Life on the Tax Farm

We live in a prison—a massive tax farm—masquerading as a country. We produce so that others may consume. We are given the illusion of influence and of choice. We are told that we matter. We are told we can change things.

It’s all a lie, a fallacy, a grand delusion designed to keep the slaves quiet and contented, believing their servitude to be a choice. It wasn’t always this way. It doesn’t have to be this way now. Don’t you see? But no, keep playing Clash of Clans, keep voting. Both are equally helpful. Wave your flags; hell, if you get really angry, march in a protest with a sign… That will show them.

Then go back to work and keep producing.

You matter. Your opinion is important. Just keep producing.

Enjoy the entertainment. Eat your bread. Keep producing.

You are a credit to your [preferred identity group] and you matter. Keep producing.

Do you have a 4K TV yet? You should get one. Keep producing.

Getting older? That’s nice. You should celebrate. Don’t retire, though. Retirement is for quitters. Keep producing.

Those Walmart greeters seem nice, don’t they? Keep producing.

Oh, you’re dead now? So sad. We’ll put a scoop of your ashes in a jar. Your kids will pay $500 for it. They’ll like that. They’ll keep producing.

You matter. They matter. You all matter. Keep producing.

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School Will be Remembered Like Leeches and Cigarettes

We humans have little knowledge of the past or imagination for the future. Present bias makes us dumb, accepting creatures. We assume what is is what must be.

People think schooling and education are the same thing. This is revealed in the way statistics are presented. “Educational level” is measured by years spent in institutional schooling.

Yet school as we know it is only about 150 years old.

Wait, what? How did humans learn stuff the other several thousand years of civilization? How were 80% of colonial Americans literate with no standardized institutional schooling, and when books were rare and costly and most jobs didn’t even require reading? How did people invent stuff, start businesses, write books, create great art, and expand the corpus of human knowledge for thousands of years without certified teachers and grades and degrees?

Really we should ask the opposite. How does anyone retain any of the natural, insatiable human hunger for learning after years in compulsory academic prison cells?

Schooling is a blip on the learning radar in human history. It will die, then we’ll look back on it like other blips. Remember when smoking cigarettes was good for your health? Remember when leeches were needed to suck out the bad blood and cure disease? Remember when people all the sudden thought, despite thousands of years of evidence to the contrary, that nobody would learn anything without being stuck in cinder block cells for 50 minute segments and forced to turn the wonders of the universe into horrible tedium?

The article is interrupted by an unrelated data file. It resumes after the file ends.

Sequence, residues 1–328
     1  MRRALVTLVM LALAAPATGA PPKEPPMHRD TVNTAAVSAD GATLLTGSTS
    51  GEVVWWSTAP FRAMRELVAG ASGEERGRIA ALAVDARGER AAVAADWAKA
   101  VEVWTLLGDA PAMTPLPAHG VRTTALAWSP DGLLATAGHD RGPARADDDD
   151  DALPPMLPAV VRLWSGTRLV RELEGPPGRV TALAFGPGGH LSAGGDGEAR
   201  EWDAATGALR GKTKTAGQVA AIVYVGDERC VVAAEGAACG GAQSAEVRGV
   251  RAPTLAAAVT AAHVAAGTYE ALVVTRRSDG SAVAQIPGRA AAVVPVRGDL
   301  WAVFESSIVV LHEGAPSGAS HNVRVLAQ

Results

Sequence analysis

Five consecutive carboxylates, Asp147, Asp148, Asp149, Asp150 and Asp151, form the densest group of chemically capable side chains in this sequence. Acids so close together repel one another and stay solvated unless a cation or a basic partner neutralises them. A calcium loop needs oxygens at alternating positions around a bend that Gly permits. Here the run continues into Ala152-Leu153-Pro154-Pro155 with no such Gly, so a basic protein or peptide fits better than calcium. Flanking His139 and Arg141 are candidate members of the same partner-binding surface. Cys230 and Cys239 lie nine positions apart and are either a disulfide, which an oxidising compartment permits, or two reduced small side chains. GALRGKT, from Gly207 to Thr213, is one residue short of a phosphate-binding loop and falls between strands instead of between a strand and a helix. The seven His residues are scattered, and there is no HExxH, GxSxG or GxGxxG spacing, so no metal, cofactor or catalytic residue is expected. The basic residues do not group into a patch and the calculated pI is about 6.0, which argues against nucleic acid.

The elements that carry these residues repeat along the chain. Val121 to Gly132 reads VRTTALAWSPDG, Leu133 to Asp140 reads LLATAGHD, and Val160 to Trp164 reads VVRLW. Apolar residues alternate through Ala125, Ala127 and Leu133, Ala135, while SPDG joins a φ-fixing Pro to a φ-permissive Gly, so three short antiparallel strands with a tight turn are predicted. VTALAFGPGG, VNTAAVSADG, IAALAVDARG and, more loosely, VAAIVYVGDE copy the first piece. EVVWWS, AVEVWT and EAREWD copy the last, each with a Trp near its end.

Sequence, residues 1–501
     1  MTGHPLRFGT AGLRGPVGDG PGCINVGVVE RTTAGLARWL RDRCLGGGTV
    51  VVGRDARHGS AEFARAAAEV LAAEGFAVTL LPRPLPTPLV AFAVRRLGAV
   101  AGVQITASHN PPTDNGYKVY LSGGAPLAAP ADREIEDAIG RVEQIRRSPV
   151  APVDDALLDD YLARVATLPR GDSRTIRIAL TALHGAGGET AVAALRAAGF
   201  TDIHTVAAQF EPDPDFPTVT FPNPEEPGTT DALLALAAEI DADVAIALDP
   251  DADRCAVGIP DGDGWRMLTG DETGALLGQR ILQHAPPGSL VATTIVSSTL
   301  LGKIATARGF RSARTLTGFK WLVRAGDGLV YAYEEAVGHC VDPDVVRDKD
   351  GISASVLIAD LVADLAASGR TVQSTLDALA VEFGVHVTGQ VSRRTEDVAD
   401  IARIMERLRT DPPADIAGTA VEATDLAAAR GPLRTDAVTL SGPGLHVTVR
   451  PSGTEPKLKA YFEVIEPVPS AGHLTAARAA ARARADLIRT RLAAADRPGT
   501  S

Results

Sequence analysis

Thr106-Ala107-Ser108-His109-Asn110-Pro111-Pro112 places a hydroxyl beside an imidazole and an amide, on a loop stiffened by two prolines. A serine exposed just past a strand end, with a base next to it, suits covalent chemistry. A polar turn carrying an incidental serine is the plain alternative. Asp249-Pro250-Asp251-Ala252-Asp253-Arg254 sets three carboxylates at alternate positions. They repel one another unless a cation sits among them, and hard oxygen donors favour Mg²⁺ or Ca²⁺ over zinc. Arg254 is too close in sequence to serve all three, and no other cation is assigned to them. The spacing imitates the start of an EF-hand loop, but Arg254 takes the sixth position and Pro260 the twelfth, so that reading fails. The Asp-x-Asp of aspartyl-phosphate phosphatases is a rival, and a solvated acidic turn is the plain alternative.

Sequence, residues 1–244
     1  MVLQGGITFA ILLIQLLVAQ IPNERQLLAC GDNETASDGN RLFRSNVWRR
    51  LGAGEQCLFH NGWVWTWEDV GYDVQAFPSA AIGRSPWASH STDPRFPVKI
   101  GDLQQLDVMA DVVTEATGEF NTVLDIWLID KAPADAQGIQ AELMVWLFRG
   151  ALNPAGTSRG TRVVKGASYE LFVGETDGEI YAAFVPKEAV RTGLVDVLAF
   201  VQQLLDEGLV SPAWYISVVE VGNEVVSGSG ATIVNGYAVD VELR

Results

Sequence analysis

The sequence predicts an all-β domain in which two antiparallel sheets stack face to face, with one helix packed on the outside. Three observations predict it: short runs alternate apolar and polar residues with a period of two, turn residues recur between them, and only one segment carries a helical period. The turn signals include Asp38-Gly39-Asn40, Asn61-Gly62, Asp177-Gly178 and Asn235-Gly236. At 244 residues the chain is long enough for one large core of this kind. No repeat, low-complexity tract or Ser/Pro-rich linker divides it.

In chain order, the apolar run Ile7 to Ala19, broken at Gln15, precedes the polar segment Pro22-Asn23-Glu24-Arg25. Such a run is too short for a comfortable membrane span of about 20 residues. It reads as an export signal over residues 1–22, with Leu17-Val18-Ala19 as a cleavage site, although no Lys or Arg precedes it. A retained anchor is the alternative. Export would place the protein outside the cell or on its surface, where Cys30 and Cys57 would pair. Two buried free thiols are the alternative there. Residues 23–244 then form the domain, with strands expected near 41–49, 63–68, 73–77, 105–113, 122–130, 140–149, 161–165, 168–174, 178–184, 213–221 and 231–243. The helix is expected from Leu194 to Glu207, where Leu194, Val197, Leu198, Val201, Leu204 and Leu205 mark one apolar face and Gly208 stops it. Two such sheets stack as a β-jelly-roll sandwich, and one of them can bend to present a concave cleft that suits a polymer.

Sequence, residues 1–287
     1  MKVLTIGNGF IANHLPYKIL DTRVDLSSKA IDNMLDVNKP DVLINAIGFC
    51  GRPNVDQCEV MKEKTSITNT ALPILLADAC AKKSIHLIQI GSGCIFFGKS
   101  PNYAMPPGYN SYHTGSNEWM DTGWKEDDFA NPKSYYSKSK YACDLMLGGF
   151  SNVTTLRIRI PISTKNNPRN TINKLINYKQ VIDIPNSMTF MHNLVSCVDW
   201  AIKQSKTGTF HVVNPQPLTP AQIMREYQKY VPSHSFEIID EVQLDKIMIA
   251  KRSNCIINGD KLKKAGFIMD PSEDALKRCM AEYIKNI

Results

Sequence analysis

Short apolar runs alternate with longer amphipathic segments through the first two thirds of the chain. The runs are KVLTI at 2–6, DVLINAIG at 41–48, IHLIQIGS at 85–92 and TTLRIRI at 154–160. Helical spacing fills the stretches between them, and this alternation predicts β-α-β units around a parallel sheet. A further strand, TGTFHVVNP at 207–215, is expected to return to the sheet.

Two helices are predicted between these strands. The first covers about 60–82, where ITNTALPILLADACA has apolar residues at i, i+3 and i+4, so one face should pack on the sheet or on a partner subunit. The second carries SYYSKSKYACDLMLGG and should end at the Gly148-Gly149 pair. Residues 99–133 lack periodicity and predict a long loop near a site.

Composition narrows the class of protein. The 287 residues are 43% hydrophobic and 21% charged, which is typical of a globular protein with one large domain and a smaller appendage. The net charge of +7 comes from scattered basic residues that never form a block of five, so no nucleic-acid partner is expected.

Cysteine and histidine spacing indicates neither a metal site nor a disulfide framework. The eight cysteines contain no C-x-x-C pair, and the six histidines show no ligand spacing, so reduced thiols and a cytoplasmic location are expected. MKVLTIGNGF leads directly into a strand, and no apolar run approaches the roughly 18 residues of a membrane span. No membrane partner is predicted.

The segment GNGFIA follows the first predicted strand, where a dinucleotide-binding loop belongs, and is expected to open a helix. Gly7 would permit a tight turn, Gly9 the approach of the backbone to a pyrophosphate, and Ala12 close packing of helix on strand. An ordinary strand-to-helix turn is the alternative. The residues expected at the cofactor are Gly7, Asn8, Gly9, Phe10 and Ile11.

Weird epochs in human history.

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War Crimes Pardons: A Terrible Memorial Day Idea

On May 16, 2008, near the town of Baiji in Iraq, 1st Lieutenant Michael Behenna, US Army, murdered a prisoner.  That was the verdict of the jury in his 2009 court martial, anyway. He was sentenced to 25 years in prison, but paroled in less than five. On May 6, 2019, US president Donald Trump pardoned Behenna.

As I write this, news reports indicate that Trump intends to celebrate Memorial Day by pardoning several other Americans convicted of (or accused of and not yet tried for) war crimes in Iraq and Afghanistan. That’s a horrible idea for several reasons.

One reason is that it’s morally repugnant to excuse the commission of crimes, especially violent crimes, for no other reason than that the criminal is a government employee.

A second reason is that it is detrimental to the good order and and discipline of the US armed forces to excuse violations of law by American soldiers, sailors, airmen, and Marines.

That phrasing is not random: “[D]isorders and neglects to the prejudice of good order and discipline in the armed forces” are themselves crimes under Article 134 of the Uniform Code of Military Justice. Yes, Trump has absolute power to pardon under the US Constitution, but this would be an abuse of that power that conflicts with his duties as commander in chief.